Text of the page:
In Regional Parc W, 80% of the more than 30 water points are completely dry by March or April. The regular dry season in this region is difficult on wildlife but expected and a part of the natural balance in the ecosystem. In 2011, however, and unseasonably short rainy season threatened wildlife and prompted park authorities to worry that vital water sources would dry up long before the next rainy season began.
Using an emergency grant from the Adolf H Lundin Charitable Foundation, African Wildlife Foundation quickly went to work, coordinating with a local engineering firm to repair malfunctioning boreholes and pumping systems at two water points, while also drilling two entirely new boreholes in other parts of the park. The new water points were placed in locations important to local elephant populations as well as in an old riverbed.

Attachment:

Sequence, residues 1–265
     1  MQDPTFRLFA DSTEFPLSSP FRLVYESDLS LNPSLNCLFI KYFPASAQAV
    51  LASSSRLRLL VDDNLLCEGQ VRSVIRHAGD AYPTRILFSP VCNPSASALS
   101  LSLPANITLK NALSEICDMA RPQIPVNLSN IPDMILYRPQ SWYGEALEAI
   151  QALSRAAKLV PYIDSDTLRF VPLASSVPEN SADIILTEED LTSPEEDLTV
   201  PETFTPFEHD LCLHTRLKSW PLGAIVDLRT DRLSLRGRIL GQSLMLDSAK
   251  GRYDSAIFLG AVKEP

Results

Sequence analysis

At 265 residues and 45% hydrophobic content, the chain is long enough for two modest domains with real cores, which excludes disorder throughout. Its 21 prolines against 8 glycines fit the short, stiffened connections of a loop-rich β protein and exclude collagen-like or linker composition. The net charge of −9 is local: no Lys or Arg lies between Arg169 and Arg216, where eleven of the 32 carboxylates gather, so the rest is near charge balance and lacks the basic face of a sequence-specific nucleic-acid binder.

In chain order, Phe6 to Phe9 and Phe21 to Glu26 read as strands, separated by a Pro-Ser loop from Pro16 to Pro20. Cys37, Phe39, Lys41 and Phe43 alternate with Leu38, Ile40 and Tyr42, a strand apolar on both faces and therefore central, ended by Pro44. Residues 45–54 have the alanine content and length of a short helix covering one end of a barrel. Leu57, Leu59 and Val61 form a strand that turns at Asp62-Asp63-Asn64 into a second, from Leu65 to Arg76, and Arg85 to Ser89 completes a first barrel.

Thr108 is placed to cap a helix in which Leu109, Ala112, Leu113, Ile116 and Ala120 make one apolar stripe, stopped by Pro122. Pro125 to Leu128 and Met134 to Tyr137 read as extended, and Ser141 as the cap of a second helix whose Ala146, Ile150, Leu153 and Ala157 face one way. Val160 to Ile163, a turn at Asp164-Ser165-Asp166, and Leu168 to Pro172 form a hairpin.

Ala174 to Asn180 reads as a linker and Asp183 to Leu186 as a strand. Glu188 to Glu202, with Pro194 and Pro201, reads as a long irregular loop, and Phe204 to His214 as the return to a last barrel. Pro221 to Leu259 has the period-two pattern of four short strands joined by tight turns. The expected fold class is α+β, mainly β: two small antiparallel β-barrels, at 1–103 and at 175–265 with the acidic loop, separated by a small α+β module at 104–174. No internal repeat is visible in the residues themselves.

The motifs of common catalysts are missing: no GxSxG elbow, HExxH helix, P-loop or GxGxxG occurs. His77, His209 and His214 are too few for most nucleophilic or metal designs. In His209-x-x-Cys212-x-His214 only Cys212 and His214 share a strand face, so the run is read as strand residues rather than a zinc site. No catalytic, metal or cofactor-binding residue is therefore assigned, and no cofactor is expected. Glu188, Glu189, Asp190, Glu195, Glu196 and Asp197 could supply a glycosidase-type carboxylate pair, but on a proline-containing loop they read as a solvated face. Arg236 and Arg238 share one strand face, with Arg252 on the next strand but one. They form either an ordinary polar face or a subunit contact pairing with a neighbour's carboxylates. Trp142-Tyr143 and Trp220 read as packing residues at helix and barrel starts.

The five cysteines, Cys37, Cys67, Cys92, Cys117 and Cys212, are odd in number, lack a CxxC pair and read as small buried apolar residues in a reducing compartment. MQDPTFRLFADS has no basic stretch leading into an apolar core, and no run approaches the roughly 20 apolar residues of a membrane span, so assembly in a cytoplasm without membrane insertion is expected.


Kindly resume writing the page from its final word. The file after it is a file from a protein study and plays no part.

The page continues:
In addition to drilling the critical waterholes, AWF also installed camera traps across six water points. These cameras help gather data on the species using the water points and the frequency of use. Thus far, more than 900 images of wildlife have been captured, providing important data to researchers and park officials.
Become a member
Join African Wildlife Foundation as a member for just $25. Your partnership is vital to our mission to protect Africa’s most precious - and imperiled - creatures.
Spread the word